SEC’s Climate Disclosure Proposal Would Force Firms to Tell Investors the Truth About Emissions

SEC’s Climate Disclosure Proposal Would Force Firms to Tell Investors the Truth About Emissions

Companies looking to trade on Wall Street may soon have to disclose their greenhouse gas emissions and other climate-related risks to prospective investors.

The U.S. Securities and Exchange Commission (SEC) unveiled the new proposals on Monday, which are intended to “enhance and standardize climate-related disclosures” to address growing investor interest in the company’s climate footprint. Under the new proposals, companies would have to disclose climate-related risks that are “reasonably likely to have a material impact on their business, results of operations, or financial condition, and certain climate-related financial statement metrics.” That would mark a major shift away from the current standard of mostly voluntary disclosure.

The SEC’s proposals would require disclosures for direct and indirect emissions in addition to emissions generated by a company’s suppliers. That last requirement could prove especially important to large tech firms which have historically depended heavily on complex global supply chains to ship consumer electronics. Independent certification would be required for all of those estimates which could, in effect, gut the honour system some firms currently use when self-reporting emissions.

“Our core bargain from the 1930s is that investors get to decide which risks to take, as long as public companies provide full and fair disclosure and are truthful in those disclosures,” SEC Chair Gary Gensler said in a statement. “Today, investors representing literally tens of trillions of dollars support climate-related disclosures because they recognise that climate risks can pose significant financial risks to companies, and investors need reliable information about climate risks to make informed investment decisions.”

Though many of the country’s largest firms, from ExxonMobil to Alphabet, have submitted their own climate reports and disclosures for years, they’ve largely operated in an anarchic, free for all devoid of enforceable standards or truly objective auditors. Case in point, an assessment released earlier this year by the NewClimate Institute looked at 25 of the world’s largest companies claiming to have “net zero” carbon goals and were actually only reducing their emissions by 40% on average. “We were frankly surprised and disappointed at the overall integrity of the companies’ claims,” Thomas Day, the report’s lead author said.

And while U.S. tech companies have made meaningful movements in reducing some emissions in-house, the same can’t be said for the broader category of “Scope 3 Emissions.” Both Microsoft and Amazon, for example, have actually recorded emissions increases in recent years.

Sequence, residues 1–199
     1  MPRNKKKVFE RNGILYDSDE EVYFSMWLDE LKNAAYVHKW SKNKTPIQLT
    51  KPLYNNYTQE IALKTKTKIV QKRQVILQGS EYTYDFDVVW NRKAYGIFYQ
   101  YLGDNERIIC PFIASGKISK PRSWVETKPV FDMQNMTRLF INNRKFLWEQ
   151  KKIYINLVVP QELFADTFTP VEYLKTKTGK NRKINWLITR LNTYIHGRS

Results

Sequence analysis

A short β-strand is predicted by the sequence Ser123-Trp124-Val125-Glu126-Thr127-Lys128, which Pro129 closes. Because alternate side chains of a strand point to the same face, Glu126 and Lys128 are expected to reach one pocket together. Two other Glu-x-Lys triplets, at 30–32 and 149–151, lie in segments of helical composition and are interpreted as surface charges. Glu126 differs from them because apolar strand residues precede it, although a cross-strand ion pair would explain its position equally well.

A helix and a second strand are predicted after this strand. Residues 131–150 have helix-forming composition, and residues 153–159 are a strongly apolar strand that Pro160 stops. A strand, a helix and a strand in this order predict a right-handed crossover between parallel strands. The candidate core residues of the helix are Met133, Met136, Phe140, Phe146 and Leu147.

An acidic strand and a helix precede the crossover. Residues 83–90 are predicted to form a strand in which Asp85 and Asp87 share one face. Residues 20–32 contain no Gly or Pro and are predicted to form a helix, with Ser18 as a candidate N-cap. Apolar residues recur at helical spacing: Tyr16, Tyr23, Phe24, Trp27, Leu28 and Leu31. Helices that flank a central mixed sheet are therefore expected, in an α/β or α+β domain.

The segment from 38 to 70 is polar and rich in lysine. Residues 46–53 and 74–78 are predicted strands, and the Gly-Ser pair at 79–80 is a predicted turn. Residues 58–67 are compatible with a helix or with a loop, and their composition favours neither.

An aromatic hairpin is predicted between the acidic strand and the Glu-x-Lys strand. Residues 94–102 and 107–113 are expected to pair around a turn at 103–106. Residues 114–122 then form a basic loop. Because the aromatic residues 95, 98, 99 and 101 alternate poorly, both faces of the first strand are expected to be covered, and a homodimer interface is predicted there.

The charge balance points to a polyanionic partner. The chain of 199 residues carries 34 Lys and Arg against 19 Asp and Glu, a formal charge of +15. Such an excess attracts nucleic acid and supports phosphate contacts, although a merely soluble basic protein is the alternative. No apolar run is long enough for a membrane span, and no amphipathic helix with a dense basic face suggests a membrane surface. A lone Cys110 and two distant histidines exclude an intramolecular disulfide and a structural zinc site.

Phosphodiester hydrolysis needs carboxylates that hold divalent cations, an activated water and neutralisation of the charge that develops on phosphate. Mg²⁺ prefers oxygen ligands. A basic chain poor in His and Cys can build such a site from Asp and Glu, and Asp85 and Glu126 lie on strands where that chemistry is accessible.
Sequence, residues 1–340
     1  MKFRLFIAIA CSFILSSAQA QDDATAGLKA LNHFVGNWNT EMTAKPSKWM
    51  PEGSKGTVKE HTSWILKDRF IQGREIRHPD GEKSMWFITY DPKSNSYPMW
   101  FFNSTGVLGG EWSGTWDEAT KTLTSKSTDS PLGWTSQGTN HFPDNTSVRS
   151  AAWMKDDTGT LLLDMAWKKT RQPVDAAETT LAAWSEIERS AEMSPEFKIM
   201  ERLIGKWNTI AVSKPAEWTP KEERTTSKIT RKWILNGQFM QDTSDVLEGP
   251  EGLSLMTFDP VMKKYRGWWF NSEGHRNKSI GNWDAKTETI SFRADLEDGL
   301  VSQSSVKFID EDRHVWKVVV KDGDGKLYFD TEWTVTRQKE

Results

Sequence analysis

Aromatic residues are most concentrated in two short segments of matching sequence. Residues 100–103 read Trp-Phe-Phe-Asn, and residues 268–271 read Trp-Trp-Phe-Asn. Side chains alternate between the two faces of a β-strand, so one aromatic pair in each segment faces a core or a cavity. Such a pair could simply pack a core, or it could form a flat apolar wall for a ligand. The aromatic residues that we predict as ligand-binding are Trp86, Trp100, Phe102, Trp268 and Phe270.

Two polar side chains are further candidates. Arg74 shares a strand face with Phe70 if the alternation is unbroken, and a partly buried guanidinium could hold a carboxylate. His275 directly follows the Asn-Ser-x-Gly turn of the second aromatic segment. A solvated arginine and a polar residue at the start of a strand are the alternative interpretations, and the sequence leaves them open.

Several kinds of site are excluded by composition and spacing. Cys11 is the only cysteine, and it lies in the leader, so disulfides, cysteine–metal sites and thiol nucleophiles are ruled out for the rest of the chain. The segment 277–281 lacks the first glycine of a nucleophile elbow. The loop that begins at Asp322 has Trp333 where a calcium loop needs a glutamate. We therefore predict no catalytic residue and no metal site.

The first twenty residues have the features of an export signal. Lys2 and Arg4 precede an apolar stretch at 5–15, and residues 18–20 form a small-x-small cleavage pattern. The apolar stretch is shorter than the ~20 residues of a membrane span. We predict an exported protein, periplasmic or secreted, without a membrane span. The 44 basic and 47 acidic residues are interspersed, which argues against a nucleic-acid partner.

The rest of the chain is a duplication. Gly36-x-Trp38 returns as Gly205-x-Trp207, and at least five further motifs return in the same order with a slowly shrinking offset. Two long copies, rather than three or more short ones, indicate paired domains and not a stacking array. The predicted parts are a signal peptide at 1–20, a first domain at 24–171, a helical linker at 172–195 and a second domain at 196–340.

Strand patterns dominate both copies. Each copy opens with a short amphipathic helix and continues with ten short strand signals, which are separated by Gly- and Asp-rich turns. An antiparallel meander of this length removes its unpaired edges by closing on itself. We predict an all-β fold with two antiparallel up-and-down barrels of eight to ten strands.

SEC Commissioner Caroline Crenshaw said “outdated” and “outmoded guidance” had left a vacuum where companies are forced to essentially figure out climate-related disclosures on their own and hope for the best.

“Companies do not know which regime to follow, what information to disclose, and how best to disclose it,” Crenshaw said in a statement. “The result has been frustration — with companies making disparate climate disclosures that vary in scope, specificity, location, and reliability; and investors who do not have accurate, reliable, and comparable information.”

Predictably, the SEC proposals were met with immediate resistance from groups like the U.S Chamber of Commerce and some Republican lawmakers.

“The Chamber is concerned that the prescriptive approach taken by the SEC will limit companies’ ability to provide information that shareholders and stakeholders find meaningful while at the same time requiring that companies provide information in securities filings that are not material to investors,” Tom Quaadman, Executive Vice President for the U.S. Chamber’s Centre for Capital Markets Competitiveness said. “Public companies have been and will continue to meet the interests of their investors on climate-related information.”

Senator Pat Toomey blasted the regulator’s proposal. The Pennsylvania Republican and member of the Senate Banking Committee claims the proposal “hijacks the democratic process and disrespects the limited scope of authority that Congress gave to the SEC.”

The SEC declined to comment for this story.

SEC commissioners voted 3-1 along party lines to advance the proposal. It will now undergo several months of public comment before commissioners regroup to draft a final proposal. If enacted, companies would have to submit the climate disclosures through annual reports.

Editor’s Note: Release dates within this article are based in the U.S., but will be updated with local Australian dates as soon as we know more.

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